NEW YORK (Reuters) - Citigroup Inc’s top executives could forego some of their compensation as a condition of the bank’s bailout, but that may not satisfy critics who want firm limits on the earnings of leaders at companies getting government help.
Citigroup, the latest financial institution lining up for federal help to shore up its finances, must submit an executive pay plan for government approval as part of its rescue. The plan should focus on rewarding long-term performance and contain “appropriate limitations,” the bailout agreement says.
A Citigroup spokesman, Stephen Cohen, said on Monday that details of the pay plan were being worked out, and that no deadline for its submission has yet been announced.
He declined to comment on which executives from the bank, which is getting $20 billion in new capital and an agreement from the government to shoulder the bulk of potential losses from $306 billion of toxic assets, would be subject to the pay rules.
Government officials have said more details on the compensation arrangement would be available next week.
Citigroup’s chief financial officer, Gary Crittenden, said on CNBC television on Monday that the pay plan would affect 2008 compensation for some executives but offered few other details besides saying, “I know it will be done the right way.”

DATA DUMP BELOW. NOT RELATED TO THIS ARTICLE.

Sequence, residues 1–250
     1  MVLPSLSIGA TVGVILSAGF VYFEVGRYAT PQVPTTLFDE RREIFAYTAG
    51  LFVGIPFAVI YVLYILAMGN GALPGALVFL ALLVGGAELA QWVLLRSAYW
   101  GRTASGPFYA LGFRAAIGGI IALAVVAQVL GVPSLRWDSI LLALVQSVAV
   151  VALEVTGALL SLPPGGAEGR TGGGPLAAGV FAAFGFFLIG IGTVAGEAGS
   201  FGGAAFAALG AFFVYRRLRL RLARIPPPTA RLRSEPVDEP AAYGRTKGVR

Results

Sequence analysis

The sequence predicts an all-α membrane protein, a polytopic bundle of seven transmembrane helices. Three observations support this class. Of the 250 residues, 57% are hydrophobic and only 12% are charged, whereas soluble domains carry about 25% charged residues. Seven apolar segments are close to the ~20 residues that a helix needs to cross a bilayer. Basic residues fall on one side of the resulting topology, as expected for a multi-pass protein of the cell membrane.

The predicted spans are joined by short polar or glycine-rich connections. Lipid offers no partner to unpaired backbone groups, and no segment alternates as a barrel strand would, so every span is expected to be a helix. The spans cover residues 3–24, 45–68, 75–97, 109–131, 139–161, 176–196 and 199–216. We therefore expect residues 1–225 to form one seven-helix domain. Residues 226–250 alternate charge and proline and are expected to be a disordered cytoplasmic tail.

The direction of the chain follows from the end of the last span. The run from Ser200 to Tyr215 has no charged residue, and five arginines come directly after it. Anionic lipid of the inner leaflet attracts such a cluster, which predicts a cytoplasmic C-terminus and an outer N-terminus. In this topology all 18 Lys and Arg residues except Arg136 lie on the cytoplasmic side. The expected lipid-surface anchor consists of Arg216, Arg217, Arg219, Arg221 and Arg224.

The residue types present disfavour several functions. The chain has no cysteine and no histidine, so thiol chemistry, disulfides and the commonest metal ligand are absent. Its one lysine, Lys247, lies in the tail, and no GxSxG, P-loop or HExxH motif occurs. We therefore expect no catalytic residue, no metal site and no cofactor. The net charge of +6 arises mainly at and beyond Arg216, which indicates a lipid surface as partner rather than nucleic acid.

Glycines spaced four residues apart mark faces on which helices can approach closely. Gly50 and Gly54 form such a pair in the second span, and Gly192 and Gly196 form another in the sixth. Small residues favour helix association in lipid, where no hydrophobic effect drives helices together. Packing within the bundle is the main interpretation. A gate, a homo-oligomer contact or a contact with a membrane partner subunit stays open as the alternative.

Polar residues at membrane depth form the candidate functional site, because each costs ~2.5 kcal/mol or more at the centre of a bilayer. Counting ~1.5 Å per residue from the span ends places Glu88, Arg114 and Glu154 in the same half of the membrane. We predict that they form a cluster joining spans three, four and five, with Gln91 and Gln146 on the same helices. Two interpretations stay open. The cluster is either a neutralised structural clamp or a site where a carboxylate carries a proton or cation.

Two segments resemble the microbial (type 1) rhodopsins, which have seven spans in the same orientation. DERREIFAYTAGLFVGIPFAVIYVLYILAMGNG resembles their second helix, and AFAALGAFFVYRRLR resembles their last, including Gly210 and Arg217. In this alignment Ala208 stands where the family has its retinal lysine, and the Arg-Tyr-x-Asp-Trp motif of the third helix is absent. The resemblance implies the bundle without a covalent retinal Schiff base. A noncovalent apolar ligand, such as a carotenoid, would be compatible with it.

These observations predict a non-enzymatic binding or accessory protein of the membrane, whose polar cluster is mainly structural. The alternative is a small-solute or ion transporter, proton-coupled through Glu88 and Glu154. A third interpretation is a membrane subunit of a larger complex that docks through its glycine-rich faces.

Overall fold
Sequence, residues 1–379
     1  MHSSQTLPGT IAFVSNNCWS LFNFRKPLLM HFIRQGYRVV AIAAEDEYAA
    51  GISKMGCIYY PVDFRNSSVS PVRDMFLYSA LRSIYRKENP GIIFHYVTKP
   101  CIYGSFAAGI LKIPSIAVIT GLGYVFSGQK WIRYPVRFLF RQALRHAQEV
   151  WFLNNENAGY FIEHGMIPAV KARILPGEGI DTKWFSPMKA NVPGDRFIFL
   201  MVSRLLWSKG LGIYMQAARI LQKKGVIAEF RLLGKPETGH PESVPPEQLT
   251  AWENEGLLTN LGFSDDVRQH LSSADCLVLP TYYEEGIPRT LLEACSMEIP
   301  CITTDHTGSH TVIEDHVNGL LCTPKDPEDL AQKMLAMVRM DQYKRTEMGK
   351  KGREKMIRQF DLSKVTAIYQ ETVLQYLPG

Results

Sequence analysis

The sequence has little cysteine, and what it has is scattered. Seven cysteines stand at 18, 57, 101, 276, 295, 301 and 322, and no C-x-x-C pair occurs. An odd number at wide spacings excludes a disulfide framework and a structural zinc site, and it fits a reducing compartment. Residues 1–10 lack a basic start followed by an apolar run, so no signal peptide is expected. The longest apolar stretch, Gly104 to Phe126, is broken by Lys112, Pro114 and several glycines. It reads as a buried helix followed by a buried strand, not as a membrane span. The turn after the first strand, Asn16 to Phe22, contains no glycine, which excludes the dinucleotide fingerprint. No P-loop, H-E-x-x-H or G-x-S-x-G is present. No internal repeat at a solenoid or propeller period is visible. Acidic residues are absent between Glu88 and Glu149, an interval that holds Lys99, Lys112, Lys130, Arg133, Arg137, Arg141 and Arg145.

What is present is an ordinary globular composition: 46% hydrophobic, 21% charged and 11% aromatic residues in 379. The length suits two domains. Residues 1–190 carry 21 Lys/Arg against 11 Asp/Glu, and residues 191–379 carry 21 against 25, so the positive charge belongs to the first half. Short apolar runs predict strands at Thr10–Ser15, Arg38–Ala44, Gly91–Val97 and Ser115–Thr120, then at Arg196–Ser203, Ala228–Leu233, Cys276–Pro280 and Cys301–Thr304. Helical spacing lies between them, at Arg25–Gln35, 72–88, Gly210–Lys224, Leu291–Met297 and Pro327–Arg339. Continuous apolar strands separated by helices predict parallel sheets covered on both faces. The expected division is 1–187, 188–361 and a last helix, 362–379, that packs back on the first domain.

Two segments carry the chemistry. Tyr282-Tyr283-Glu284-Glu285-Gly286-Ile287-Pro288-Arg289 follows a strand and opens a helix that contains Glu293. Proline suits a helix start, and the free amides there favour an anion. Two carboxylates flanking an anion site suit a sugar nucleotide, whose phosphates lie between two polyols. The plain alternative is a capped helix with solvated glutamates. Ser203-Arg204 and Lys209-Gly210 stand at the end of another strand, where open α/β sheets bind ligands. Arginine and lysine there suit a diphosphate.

Earlier rules announced by the U.S. Treasury Department aiming to curb payouts at various banks participating in a federal cash infusion apply to a company’s chief executive, chief financial officer and the next three most highly compensated executive officers.
The prospect of big payouts to executives at banks getting federal aid amid the economic crisis has infuriated some politicians and shareholders who say these managers — among the highest paid in corporate America — helped create the financial crisis through risky business practices.
Under pressure to curb lavish executive pay, some financial firms, such as Goldman Sachs Group Inc have voluntarily announced their top executives will not get bonuses for this year.
While the Treasury Department already has crafted restraints on executive payouts at banks getting equity infusions, critics say the rules are vague and do not go far enough. It is unclear whether the plan to be submitted by Citigroup will be much different than what the Treasury’s pay rules already require.
The public wants “strict limits on executive pay,” said Sarah Anderson, a pay expert at the Institute for Policy Studies, which has pressed for executive pay curbs.
“We’ve been told for so long that these guys are such geniuses that we have to pay them this kind of money or these companies will collapse,” she said. “Now these companies are collapsing and they are still telling us these guys are geniuses who need to make this amount of money.”
Others, though, say the government should not get in the business of dictating exact limits on executive pay at Citigroup or any other firm taking part in a federal rescue.
If the government goes that route, says former U.S. Securities and Exchange Commission Chairman Arthur Levitt, it may find itself micromanaging companies, something he says it should not be doing.
“I don’t think it’s appropriate for the government to legislate pay and I doubt that they will,” he said. “As a result of their ownership of a portion of Citigroup they will certainly indicate their desire for reasonable levels of compensation. I don’t think it will be beyond that.”
Reporting by Martha Graybow; editing by Carol Bishopric